Suite Française

Poster for Suite Française

Saul Dibb’s (The Duchess) film adaptation of Suite Française dramatically compresses the many strands of Irène Némirovsky’s incomplete World War II novel, discovered by her daughter after her death and published to great acclaim in 2004. Némirovsky intended to write five parts dealing with the tumult of war but only completed two novellas—she died in Auschwitz in 1942. In the second, Dolce, she created a vivid portrait of a provincial French town, Bussy, through the various reactions of its citizens to the German occupation. In their adaptation, Dibb and co-screenwriter Matt Charman concentrate on Dolce and the love affair between Lucille Angellier (Michelle Williams, My Week with Marilyn) and Bruno von Falk (Matthias Schoenaerts, The Danish Girl, Far from the Madding Crowd, Rust and Bone).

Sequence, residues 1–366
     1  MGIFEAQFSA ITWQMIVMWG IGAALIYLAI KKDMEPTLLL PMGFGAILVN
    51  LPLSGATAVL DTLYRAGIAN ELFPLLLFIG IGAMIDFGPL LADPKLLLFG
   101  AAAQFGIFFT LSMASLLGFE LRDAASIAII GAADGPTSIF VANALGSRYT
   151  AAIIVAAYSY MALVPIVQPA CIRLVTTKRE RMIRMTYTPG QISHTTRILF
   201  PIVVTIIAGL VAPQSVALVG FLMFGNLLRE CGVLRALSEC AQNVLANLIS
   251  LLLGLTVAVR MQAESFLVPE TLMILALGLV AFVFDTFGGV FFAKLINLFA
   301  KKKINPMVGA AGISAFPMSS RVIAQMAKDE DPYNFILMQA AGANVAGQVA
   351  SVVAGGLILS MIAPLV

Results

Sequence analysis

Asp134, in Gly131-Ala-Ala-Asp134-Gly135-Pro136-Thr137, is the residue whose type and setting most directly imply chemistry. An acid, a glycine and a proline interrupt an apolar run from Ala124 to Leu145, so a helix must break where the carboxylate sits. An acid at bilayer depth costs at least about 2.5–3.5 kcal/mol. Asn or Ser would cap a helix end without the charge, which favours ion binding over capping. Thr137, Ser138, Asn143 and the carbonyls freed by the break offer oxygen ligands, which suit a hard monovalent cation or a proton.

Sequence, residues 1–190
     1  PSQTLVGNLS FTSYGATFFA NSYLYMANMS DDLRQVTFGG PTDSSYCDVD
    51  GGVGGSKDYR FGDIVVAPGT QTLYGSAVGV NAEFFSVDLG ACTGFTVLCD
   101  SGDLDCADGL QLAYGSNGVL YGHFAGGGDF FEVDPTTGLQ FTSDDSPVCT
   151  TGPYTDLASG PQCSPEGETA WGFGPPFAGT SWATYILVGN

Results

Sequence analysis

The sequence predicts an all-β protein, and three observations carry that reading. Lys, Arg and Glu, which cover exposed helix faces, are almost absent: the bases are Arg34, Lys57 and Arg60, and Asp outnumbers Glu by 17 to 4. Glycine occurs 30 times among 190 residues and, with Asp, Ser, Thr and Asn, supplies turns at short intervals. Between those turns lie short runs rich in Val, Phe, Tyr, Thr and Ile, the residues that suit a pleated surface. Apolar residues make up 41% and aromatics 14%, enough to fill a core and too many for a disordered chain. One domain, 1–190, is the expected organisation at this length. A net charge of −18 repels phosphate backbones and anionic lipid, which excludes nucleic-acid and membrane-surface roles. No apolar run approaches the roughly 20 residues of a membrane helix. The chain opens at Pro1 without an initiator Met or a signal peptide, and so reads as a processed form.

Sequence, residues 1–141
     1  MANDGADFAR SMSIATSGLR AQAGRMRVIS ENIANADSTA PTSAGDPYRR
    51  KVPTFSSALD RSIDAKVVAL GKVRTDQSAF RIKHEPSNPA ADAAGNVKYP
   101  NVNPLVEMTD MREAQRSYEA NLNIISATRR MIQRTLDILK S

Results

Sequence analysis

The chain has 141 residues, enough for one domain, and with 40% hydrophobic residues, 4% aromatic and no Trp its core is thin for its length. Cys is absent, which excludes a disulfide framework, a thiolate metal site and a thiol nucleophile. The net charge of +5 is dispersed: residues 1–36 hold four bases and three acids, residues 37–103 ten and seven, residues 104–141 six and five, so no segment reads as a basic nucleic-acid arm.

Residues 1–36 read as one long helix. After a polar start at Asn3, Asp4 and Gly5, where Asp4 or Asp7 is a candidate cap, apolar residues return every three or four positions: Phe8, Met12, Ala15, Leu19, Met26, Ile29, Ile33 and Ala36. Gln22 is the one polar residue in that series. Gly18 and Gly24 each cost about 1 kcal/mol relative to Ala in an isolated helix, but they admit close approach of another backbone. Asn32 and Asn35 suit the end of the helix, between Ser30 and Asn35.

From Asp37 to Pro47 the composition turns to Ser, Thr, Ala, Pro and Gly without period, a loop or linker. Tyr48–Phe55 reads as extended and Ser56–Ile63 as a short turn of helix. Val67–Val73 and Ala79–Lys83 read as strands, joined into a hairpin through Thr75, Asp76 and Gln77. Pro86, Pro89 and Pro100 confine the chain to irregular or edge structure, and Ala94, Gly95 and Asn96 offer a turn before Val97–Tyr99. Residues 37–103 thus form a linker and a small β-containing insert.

Bruno is a young German officer billeted in the house of Lucille’s overbearing mother-in-law Mme Angellier (Kristin Scott Thomas, The Invisible Woman, Salmon Fishing in the Yemen), a calculating land owner who tries to use the occupation to her best advantage. They share a passion for classical music and this is what brings them together. Before the war, Bruno was a composer and he asks to play Lucille’s piano. As a cautious love blossoms between the pair, tensions in the town escalate and Bruno is increasingly called upon to dispense rough justice. Things come to a head when a German officer is fatally shot and one of Lucille’s neighbours is forced on the run.

“While it may not appeal to purists, purging some of Némirovsky’s complex characterisation and finer detail serves the film well. Charman and Dibb hold on to the spirit of the original and its uncomfortable exploration of collaboration and betrayal.” (Lucy Popescu, CineVue)

Suite Francaise exudes a sense of glossy class in its design, staging and costumes and its lead actress Michelle Williams is especially fine, responding perfectly to a role that could have been tricky.” (Mark Adams, Screen International)

“This nuanced, compelling film offers a close-up portrait of a northern French village forced to host a garrison of Nazi soldiers.” (Cath Clarke, Time Out)